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Statement by H.E. Ambassador Shinichi Kitaoka
Deputy Permanent Representative of Japan to the United Nations
Humanitarian Affairs Segment
Economic and Social Council
15 July 2005
Let me begin by congratulating you on chairing extraordinary meetings of the ECOSOC humanitarian segment this year, which attracted an unprecedented level of interest. As USG Jan Egeland pointed out several times, one good thing that came out of the painful experience of the tsunami disaster in the Indian Ocean was the enhanced awareness of the need for international cooperation with solidarity and concerted international response that followed. We need to make full use of that to usher in a new era of mutual cooperation in humanitarian emergencies. This segment has an important role to play in strengthening our efforts in this area. To this end, Japan welcomes the report of the Secretary-General, which focuses on enhancing response capacity at the local, national, regional and international levels on the one hand and promoting international cooperation on the other. Let me briefly discuss both goals.
First, with regard to humanitarian response capacity, the first line of defense is at the local and national levels. If local and national authorities are overwhelmed by the magnitude of a crisis, however, the international community should provide assistance in a spirit of solidarity and from the viewpoint of “human security,” with the United Nations playing an important role. The capacity of the United Nations itself should be strengthened, if it is to address effectively the needs of vulnerable populations for assistance and protection. Ineffectiveness can result from the lack of expertise and leadership that is needed, but it can also be the result of a mandate not being clearly defined, as has happened when the task is assisting and protecting internally displaced persons. We hope and expect the General Assembly will address this issue of internally displaced persons and how best to structure efforts to assist them.
Second, in order to use existing resources efficiently, we should strengthen our efforts to identify the technical expertise that many countries have and establish a mechanism to mobilize it quickly in the event of a crisis. Stand-by arrangements between the United Nations and Member States as well as regional organizations to provide such expertise can be highly valuable in this regard. Such arrangements are sometimes hampered, however, by the lack of political will, interoperability and financial resources. Japan is determined to facilitate dialogue among stakeholders on such issues including how best to overcome financial difficulties. In addition, we should give humanitarian coordinators more capacities and stronger responsibilities in performing their role in coordinating international humanitarian assistance activities. Their role should not be limited to eliminating duplication but extend to strategic planning.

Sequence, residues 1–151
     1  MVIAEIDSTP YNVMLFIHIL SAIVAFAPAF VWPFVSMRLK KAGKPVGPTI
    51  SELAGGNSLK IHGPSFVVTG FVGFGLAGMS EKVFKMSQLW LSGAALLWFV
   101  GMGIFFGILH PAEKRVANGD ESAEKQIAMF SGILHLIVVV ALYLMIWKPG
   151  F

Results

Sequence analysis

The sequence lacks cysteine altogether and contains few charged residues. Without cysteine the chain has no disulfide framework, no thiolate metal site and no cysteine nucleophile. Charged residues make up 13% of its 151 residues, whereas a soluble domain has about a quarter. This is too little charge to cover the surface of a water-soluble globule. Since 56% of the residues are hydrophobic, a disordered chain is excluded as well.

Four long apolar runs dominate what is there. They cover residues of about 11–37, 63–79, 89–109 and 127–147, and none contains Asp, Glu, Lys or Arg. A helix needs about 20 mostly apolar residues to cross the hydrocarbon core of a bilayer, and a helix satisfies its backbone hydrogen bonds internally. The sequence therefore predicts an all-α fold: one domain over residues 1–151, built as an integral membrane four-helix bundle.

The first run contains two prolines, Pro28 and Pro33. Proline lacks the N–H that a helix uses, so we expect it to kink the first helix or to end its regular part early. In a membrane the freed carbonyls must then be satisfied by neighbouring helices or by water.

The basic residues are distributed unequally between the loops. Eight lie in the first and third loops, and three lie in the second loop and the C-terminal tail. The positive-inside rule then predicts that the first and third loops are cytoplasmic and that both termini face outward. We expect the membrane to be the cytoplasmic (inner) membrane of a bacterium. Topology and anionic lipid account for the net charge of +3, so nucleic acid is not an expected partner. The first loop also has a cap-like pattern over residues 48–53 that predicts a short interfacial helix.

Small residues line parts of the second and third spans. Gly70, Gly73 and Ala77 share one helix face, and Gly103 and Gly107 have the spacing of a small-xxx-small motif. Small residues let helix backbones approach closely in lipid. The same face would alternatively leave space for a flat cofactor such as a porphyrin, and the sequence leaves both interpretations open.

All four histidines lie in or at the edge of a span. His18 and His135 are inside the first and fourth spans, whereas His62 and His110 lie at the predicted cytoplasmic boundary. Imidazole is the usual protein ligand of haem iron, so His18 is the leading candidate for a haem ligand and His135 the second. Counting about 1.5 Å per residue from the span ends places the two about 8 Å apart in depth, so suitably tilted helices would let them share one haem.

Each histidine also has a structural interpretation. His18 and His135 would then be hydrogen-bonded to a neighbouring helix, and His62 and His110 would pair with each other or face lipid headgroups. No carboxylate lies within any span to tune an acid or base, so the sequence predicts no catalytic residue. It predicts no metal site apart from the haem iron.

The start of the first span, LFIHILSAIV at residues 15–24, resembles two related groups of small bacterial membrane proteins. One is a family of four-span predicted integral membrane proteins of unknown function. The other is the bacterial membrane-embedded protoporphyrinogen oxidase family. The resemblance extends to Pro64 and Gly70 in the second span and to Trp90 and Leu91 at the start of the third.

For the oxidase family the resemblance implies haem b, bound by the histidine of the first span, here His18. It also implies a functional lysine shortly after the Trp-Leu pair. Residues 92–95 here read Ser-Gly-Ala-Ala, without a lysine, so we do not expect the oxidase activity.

On the matter of an improved financial mechanism, we support a restructured Central Emergency Revolving Fund as a way to ensure rapid access to the financial resources needed for an effective response in the initial phase of a humanitarian crisis. We look forward to discussing particulars such as its size, the scope of applicable projects, and an accountability mechanism. Further efforts are needed to address the problem of under-funded emergencies, however, as we have learned from experience that the establishment of a new funding mechanism does not always increase overall financial resources for international cooperation.
Here again, the recent tsunami disaster offered important lessons. The international response was unprecedented in the number of new donors who came forward and the size of contributions from the private sector. We should redouble our efforts to expand the partnership for mutual cooperation in humanitarian emergencies. This will not be achieved by merely calling for more contributions. Such a call has to be accompanied by efforts to share with a wide range of Member States a sense of ownership of international humanitarian assistance. There should be increased policy dialogue with non-traditional donors, strengthened partnership in operational cooperation, and wider geographical representation with regard to the personnel employed by United Nations humanitarian organizations. Japan has been striving to facilitate the dialogue with a view to expanding the partnership, and is determined to continue such efforts. The potential of private funding should also be fully explored.
Lastly, Mr. Vice-President, although it may be beyond the scope of this segment, I wish to stress the importance of addressing disaster reduction. The tsunami in the Indian Ocean was a painful reminder of the impact of unmitigated natural disasters. Not only do they take a high toll in human life, they also destroy economic and social infrastructure and set development back. The impact of natural disasters is also long-lasting in the minds of affected population who need special care to recover from a traumatic experience. We should redouble our efforts to create a society resilient to natural disasters by incorporating disaster prevention and mitigation in national development planning. The Hyogo Framework for Action adopted in the World Conference on Disaster Reduction needs to be steadily implemented. We are looking forward to discussing these matters in the General Assembly.
Let me conclude, Mr. Vice-President, by expressing Japan’s full support for the clear focus of this year’s humanitarian segment. Bearing in mind the division of labor between this Council and the General Assembly, we believe that operational issues are an appropriate focus for ECOSOC. Such a focus will strengthen the Council’s policy guidance to the United Nations humanitarian assistance activities.
Thank you very much.